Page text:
Afghan pullback marks big shiftfor CIA operations

The agency sees more pressing problems elsewhere, such as Africa and the Mideast.


The CIA has begun closing clandestine bases in Afghanistan, marking the start of a drawdown from a region that transformed the agency from an intelligence service struggling to emerge from the Cold War to a counterterrorism force with its own prisons, paramilitary teams and armed Predator drones.

The pullback represents a turning point for the CIA as it shifts resources to other trouble spots.

The closures were described by U.S officials as preliminary steps in a plan to reduce the number of CIA installations in Afghan-istan from a dozen to as few as six over the next two years — a consolidation to coincide with the withdrawal of most U.S. military forces from the country by the end of 2014.

Senior U.S. intelligence and administration officials said the reductions are overdue in a region where U.S. espionage efforts are now seen as out of proportion to the threat posed by al-Qaida’s diminished core leadership in Pakistan.

The CIA faces an array of new challenges beyond al-Qaida, such as monitoring developments in the Middle East and delivering weapons to insurgents in Syria. John Brennan, the recently installed CIA director, has also signaled a desire to restore the agency’s focus on traditional espionage.

“When we look at post-2014, how does the threat in Afghanistan and Pakistan measure against the threat in North Africa and Yemen?” said a senior administration official who spoke on the condition of anonymity. “Shouldn’t our resources reflect that?”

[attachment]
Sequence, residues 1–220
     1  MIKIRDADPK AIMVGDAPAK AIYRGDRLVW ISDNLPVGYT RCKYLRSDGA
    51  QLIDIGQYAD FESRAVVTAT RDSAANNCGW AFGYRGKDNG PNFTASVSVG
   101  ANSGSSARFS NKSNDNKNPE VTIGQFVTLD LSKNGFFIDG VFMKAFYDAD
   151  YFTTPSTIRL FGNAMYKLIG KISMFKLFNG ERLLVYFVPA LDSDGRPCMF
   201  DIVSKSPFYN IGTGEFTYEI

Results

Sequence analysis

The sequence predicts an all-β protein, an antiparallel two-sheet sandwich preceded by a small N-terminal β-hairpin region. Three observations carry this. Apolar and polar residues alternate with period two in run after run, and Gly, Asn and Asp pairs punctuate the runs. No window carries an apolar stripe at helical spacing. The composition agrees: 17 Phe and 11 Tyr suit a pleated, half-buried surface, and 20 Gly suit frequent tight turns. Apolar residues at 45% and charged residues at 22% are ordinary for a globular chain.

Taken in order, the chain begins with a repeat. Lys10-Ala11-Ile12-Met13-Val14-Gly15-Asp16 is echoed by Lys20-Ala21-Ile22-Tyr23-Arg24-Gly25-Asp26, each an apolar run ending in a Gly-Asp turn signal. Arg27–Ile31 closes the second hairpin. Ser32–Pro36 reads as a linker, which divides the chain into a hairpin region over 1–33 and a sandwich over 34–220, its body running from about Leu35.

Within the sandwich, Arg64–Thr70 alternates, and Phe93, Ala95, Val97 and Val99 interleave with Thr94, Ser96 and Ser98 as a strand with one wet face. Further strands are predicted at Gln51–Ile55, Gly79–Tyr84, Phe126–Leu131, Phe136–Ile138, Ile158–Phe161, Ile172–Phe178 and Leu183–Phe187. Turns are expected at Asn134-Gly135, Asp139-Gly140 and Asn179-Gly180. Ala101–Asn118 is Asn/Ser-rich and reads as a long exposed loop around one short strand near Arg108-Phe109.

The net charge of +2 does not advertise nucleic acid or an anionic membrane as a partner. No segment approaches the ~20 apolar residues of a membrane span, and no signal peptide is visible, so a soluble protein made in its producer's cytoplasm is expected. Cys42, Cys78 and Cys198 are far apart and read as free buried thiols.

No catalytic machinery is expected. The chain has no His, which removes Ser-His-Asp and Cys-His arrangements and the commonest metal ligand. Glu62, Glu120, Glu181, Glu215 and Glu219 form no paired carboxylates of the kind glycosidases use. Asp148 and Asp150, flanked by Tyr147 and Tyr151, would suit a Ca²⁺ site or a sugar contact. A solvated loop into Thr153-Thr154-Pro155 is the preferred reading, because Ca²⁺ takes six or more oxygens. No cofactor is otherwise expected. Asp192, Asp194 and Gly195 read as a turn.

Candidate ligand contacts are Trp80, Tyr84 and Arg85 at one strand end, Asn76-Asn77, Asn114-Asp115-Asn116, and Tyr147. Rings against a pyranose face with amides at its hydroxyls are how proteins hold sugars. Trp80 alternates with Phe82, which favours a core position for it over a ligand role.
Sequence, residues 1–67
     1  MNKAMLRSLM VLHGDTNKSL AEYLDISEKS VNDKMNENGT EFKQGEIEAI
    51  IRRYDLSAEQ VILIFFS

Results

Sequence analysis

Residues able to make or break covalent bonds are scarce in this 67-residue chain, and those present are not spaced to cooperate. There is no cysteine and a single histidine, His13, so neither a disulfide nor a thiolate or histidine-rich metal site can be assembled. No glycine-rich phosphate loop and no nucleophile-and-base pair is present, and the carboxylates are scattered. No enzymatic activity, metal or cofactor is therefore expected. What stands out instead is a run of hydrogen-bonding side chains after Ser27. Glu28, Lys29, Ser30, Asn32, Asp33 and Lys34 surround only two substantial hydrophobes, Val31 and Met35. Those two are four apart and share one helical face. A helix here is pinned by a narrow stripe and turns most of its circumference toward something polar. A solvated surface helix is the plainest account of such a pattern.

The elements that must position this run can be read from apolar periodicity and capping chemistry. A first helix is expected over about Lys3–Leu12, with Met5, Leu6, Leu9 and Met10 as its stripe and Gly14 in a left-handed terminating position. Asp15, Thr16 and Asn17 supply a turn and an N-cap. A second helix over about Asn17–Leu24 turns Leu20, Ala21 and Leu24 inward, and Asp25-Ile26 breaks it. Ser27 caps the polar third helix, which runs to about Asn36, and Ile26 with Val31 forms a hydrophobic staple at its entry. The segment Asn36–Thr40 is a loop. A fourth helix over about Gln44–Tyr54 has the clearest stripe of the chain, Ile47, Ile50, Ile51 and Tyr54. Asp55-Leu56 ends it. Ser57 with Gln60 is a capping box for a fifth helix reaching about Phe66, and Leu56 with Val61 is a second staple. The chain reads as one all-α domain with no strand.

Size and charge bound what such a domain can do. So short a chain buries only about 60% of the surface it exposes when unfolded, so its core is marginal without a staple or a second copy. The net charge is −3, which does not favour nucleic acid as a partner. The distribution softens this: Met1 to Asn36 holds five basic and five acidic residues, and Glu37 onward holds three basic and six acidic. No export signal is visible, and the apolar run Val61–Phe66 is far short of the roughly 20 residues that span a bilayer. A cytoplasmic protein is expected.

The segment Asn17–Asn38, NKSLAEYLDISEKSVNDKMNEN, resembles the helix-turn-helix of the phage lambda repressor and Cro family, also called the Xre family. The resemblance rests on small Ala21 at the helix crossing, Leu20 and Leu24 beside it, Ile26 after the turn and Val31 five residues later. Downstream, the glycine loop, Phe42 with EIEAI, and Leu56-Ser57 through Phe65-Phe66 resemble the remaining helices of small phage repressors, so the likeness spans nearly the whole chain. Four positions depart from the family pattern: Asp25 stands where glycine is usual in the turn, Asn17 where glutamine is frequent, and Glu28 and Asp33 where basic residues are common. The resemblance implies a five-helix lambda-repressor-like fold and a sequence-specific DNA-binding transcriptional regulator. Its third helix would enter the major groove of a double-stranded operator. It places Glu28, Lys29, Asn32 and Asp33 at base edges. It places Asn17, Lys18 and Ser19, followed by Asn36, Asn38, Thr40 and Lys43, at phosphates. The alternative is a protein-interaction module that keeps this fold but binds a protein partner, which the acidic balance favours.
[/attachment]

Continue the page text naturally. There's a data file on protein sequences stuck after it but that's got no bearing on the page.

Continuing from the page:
U.S. officials stressed that the CIA is expected to maintain a significant footprint even after the pullback, with a station in Kabul that will remain among the agency’s largest in the world, as well as a fleet of armed drones that will continue to patrol Pakistan’s tribal belt.

The timing and scope of the CIA’s pullout are still being determined and depend to some extent on how many U.S. troops President Barack Obama decides to keep in the country after 2014.

The administration is expected to reduce the number from 63,000 now to about 10,000 after next year but recently signaled that it is also considering a “zero option,” in part because of mounting frustration with Afghan President Hamid Karzai.

A full withdrawal of U.S. troops would probably trigger a deeper retrenchment by the CIA, which has relied on U.S. and allied military installations across the country to serve as bases for agency operatives and cover for their spying operations.

The CIA’s armed drones are flown from a heavily fortified airstrip near the Pakistan border in Jalalabad.

The CIA’s presence in the country has already dropped well below the peak levels of several years ago, when more than 1,000 case officers, analysts and other employees had been deployed to support the war effort and hunt al-Qaida leaders, including Osama bin Laden.

The CIA declined to comment on the withdrawal plans.

“Afghanistan fundamentally changed the way the agency conducts business,” said Richard Blee, who served as the CIA’s senior officer in Afghanistan and Pakistan before he retired in 2007. “We went from a purely espionage organization to more of an offensive weapon, a paramilitary organization where classic spying was less important.”

Some of the bases being closed served as important intelligence-gathering nodes during the escalation of the agency’s drone campaign, raising the risk that U.S. counterterrorism capabilities could deteriorate and perhaps allow remnants of al-Qaida to regenerate.

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